The advisory Business and and Quality of Life Committee signed off on the soda tax, which provide money for Mayor Javier Gonzales’ plan to make early childhood education available to every three- and four-year-old in Santa Fe, over opposition from business owners.
Later in the day, the City Council voted to publish notice of a public hearing on the tax and pre-K plan on March 8.
The March hearing won’t be the first time community members will have a chance to add their two cents, so to speak, on the issue, and it may not be the last. If the council approves the proposal after the March hearing, it will be up to voters to decide at a special election — likely in May — whether to impose the tax that is intended to help fund early childhood education programs in the city to the tune of $7.2 million per year.
Gonzales told the Business and Quality of Life Committee there is an urgent need to help the 20 percent of the city’s population that lives in poverty and the 30 percent of children who go to bed hungry. “This proposal is about this community standing up and saying that’s not right,” he said, before highlighting the benefits of early education programs.
Gonzales said there are about 1,000 children ages 3 and 4 in the city who are eligible for early childhood education programs, but their families either can’t afford to pay $900 to $1,400 per month to put them in a pre-kindergarten program, or they can’t get them enrolled because existing programs are at capacity.
Some who spoke at the meeting argued that a tax on soda and other sugared drinks would hurt low-income families the most. And while the tax would be imposed on distributors of the drinks, business people said the tax targets small businesses who would have to increase prices. They urged the city to find another way to fund the pre-K program.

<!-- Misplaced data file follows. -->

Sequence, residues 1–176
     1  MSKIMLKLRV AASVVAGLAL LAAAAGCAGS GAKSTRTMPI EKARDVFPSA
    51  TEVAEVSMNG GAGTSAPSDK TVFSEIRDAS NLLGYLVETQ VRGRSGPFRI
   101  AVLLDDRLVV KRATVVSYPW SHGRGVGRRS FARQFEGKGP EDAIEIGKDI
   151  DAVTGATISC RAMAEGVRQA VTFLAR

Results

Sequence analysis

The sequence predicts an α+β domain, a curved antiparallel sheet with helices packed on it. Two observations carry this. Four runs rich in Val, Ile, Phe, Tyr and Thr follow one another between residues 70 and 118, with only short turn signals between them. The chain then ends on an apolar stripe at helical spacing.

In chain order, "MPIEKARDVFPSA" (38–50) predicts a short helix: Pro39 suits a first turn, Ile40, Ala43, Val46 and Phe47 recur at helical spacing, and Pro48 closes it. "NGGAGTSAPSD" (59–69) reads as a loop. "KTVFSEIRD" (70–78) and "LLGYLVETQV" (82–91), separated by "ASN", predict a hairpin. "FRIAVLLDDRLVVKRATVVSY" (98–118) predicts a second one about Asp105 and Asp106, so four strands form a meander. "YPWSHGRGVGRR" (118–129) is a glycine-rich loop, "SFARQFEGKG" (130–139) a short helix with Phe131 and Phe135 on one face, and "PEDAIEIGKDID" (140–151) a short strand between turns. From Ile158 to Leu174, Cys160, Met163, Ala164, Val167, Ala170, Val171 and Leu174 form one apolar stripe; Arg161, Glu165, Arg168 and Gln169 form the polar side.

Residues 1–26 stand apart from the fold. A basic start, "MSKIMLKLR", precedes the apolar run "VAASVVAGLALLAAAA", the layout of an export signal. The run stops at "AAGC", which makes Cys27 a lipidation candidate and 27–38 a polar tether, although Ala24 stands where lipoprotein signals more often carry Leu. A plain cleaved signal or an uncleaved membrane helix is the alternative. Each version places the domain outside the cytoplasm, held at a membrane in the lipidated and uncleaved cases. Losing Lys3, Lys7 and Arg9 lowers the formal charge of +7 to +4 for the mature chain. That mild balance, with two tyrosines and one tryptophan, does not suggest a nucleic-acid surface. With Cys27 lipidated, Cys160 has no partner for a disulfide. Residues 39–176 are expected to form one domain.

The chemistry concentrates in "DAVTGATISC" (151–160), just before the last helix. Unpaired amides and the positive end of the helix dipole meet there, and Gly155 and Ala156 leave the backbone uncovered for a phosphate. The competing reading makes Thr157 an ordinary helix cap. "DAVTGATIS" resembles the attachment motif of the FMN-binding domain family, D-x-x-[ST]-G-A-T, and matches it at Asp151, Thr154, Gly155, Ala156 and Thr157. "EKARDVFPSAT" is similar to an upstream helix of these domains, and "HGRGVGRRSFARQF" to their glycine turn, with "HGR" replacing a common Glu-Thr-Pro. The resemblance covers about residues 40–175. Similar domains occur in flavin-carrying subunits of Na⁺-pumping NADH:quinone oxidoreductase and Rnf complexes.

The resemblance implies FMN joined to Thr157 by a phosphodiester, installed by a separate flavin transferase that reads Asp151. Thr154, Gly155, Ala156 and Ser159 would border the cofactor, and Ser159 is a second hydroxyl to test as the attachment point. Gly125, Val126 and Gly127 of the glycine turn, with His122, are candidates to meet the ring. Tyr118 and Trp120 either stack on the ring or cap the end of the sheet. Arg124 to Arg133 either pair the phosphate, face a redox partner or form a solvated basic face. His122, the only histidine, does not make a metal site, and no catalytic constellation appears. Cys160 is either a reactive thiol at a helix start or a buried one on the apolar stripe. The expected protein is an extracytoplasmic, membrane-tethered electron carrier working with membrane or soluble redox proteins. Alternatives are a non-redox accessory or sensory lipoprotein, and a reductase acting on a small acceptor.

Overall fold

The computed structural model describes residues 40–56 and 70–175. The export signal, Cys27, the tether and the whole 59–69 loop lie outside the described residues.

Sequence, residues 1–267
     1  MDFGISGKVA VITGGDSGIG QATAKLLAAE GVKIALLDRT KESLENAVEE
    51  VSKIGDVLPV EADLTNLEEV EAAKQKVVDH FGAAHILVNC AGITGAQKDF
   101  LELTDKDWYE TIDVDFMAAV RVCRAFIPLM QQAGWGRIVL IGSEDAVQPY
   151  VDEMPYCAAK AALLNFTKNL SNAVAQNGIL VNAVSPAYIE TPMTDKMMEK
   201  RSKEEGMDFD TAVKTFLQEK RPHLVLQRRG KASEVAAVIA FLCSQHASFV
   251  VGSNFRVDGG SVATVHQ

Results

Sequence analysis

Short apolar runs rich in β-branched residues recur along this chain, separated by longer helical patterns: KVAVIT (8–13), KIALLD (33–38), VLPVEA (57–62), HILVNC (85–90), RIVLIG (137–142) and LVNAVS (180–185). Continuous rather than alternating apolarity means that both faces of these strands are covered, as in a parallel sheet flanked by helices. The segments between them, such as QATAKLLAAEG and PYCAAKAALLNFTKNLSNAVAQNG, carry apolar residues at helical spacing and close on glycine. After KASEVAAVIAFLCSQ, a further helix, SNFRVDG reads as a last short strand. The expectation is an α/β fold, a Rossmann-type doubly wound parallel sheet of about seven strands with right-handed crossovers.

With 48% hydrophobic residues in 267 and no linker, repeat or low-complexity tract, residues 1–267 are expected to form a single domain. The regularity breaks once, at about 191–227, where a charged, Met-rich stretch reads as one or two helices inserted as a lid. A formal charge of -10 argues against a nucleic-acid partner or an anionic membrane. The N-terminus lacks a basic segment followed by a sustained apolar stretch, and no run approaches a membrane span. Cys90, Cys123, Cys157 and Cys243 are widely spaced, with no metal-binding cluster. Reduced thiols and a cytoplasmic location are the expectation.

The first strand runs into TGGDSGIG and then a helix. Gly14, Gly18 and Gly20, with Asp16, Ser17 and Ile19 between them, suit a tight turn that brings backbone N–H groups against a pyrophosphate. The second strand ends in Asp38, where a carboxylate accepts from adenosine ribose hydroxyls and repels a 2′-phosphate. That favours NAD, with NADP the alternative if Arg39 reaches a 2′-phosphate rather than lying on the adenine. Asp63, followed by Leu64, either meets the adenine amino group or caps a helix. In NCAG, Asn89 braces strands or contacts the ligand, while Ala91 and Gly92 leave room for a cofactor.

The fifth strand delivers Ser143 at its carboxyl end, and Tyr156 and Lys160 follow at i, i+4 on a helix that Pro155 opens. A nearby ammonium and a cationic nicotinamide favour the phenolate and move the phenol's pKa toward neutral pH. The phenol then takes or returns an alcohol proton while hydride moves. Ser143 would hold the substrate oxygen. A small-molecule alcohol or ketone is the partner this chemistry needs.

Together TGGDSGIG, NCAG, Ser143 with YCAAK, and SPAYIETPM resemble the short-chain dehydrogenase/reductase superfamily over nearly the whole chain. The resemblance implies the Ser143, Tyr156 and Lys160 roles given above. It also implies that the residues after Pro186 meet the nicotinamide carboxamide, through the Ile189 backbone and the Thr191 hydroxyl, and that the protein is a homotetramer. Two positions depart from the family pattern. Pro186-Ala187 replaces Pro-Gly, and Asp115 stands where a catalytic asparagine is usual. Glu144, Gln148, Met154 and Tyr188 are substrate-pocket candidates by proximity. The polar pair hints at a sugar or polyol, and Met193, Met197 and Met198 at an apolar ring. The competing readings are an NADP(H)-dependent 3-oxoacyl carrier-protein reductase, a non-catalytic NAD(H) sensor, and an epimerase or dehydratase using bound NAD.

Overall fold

“I know what this will do to my menu,” said Matthew Adkins, of Tecolote Cafe. “To me, this is about dollars and cents.”
Tate Mruz of Boxcar, a restaurant/bar in the Railyard district, said he gives away most of the soda products to staff and designated drivers, so the increase in price will hit his business hard. “It’s not so simple as two cents on every ounce. We need to take a step back and evaluate this,” he said.
Barry Kiess, CEO of the Coca-Cola distributor in Santa Fe, held up a two-liter bottle of Coke often found on sale for about a dollar and told the group the tax would more than double the price.
Kate Kennedy, a member of the committee and a partner in the downtown nightclub Skylight, said the tax would likely cost her business between $20,000 and $30,000 per year. But she abstained from the vote.
In the 6-1 committee vote, Holly Bradshaw Eakes cast the only “no” vote. She said she felt a disconnect in that, to support the initiative, one would have to buy unhealthy sugary drinks. “You’re almost there,” she told the mayor. “We need to find a wider base for how to pay for this.”